Marcus Dupree, who rose to fame in Mississippi and beyond after a brief but impressive football career that became the subject of an ESPN documentary, is speaking out about his alleged role in a sprawling welfare fraud case that has also entangled Hall of Fame NFL quarterback Brett Favre and dozens of others.
A lawsuit filed in May by the Mississippi Department of Human Services alleges Dupree was illegally paid hundreds of thousands of dollars in federal welfare money that was intended for the state’s neediest families. On Wednesday, Dupree denied wrongdoing in an interview with ESPN.
“I don’t appreciate being lumped into something like I took money,” Dupree said. “I worked too hard on my reputation to do the right thing and be the right person, and I don’t like what’s going on.”
Dupree, 58, grew up in Philadelphia, Mississippi, where his highlight-reel-worthy performances as a high school running back made him the most sought-after football recruit in the country. Dupree was a standout in his freshman season at the University of Oklahoma in 1982, but his career was ultimately hampered by injuries. His football journey was profiled in a 2010 ESPN 30 for 30 documentary, “The Best That Never Was.”
During his post-playing days, Dupree maintained local-celebrity status within his home state, frequently appearing at public functions or events staged through his foundation.
But his name didn’t appear with any frequency in the national media until the results of a state audit in Mississippi became public and a lawsuit was then filed by the state in May against Dupree, his foundation and dozens of other defendants.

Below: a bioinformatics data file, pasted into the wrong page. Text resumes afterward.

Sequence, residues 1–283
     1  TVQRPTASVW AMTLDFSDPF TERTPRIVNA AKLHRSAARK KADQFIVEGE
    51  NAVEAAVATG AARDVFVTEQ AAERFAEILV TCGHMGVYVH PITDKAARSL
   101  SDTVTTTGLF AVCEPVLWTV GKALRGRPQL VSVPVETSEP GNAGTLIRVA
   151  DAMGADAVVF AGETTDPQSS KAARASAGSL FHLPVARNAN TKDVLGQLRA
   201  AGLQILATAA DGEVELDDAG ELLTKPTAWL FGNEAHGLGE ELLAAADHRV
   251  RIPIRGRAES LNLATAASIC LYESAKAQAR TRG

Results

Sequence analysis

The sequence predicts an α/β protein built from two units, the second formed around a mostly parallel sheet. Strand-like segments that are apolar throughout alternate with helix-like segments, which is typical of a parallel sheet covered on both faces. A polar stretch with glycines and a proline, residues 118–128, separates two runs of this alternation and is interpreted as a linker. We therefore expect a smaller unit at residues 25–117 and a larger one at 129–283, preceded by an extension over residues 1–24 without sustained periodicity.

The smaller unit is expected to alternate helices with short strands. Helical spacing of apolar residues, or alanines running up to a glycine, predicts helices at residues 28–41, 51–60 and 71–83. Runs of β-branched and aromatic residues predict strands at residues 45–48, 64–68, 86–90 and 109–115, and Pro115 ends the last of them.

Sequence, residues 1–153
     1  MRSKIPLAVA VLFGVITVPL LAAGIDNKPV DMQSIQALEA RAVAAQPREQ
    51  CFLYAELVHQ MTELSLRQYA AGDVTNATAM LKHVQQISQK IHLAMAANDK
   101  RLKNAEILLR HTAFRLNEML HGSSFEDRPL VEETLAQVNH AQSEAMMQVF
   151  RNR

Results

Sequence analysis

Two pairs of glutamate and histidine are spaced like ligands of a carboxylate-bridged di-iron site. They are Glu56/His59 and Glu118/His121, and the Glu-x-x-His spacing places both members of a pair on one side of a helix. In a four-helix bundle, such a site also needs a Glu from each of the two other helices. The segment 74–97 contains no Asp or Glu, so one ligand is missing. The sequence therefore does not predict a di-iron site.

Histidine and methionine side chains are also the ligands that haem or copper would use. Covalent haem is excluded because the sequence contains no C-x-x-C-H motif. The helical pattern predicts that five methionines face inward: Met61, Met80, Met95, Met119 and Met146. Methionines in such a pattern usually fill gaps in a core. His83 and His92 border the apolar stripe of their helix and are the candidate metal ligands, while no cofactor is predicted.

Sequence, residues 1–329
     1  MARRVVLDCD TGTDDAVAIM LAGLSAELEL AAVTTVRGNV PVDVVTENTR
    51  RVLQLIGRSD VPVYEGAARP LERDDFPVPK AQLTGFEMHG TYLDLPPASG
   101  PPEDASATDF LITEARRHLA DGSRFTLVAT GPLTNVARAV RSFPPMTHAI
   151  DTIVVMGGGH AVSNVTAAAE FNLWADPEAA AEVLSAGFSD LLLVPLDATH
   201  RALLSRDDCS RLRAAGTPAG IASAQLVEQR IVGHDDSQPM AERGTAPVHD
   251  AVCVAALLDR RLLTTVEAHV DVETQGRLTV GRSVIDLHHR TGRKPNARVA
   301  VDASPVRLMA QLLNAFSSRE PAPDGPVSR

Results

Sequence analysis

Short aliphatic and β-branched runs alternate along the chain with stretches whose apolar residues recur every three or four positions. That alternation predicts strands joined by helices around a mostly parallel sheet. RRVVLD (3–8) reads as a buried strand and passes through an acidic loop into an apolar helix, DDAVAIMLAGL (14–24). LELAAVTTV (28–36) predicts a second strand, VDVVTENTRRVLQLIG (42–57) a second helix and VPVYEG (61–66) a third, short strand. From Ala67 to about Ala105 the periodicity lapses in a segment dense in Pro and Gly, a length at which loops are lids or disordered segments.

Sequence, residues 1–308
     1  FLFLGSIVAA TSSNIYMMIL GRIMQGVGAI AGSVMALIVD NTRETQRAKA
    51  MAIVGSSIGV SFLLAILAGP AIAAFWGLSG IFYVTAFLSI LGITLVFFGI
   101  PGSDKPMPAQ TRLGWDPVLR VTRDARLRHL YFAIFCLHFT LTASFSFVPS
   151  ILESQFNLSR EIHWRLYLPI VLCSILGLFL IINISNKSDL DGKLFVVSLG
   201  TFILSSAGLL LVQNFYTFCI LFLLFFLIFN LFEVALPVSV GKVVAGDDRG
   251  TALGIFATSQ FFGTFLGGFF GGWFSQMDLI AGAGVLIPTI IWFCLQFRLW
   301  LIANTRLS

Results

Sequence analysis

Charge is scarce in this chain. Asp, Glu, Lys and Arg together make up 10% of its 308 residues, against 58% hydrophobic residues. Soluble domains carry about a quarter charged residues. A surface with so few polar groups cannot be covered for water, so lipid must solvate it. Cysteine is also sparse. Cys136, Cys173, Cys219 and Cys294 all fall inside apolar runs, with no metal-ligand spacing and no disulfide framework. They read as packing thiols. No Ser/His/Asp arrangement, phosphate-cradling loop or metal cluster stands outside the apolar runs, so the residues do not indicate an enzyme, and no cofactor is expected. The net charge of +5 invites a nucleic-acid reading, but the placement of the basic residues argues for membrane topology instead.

According to the lawsuit, from August 2017 to September 2019 Dupree was paid $371,000 from Temporary Assistance for Needy Families (TANF) funds.
A Mississippi Department of Human Services initiative called Families First for Mississippi, run by two nonprofits, illegally funneled the federal welfare money to Dupree, the lawsuit states, in exchange for his work as a “celebrity endorser” and “motivational speaker.”
An investigation by Mississippi Today was the first to reveal that the nonprofits that paid Dupree and others either misspent or stole at least $77 million in welfare funds in what’s considered the worst public corruption case in state history.
Dupree told ESPN he “was shocked” when he learned that Nancy New, the head of one of the nonprofits, the Mississippi Community Education Center, had pleaded guilty to 13 felony counts of bribery, fraud and racketeering. Dupree said he was not aware the money New had used to pay him had come from misappropriated welfare funds.
According to a 2019 state audit, Dupree was paid, in part, for “equine assisted learning,” which Mississippi’s state auditor, Shad White, told ESPN meant “teaching people how to ride horses.”
White said his office found “limited evidence” Dupree or anyone else ever delivered those sorts of services to the needy.
But Dupree insists he did mentor teens at his 15-acre horse farm in Flora, Mississippi.
“I mentored the kids through the horses by having responsibility, cleaning the stalls, and, if you got good with that, I’d let you ride a horse. Most of the parents just wanted them to be around me. I’m passionate about what we did, and for the state to be talking about ‘Oh, none of that happened,’ yes it did,” Dupree said.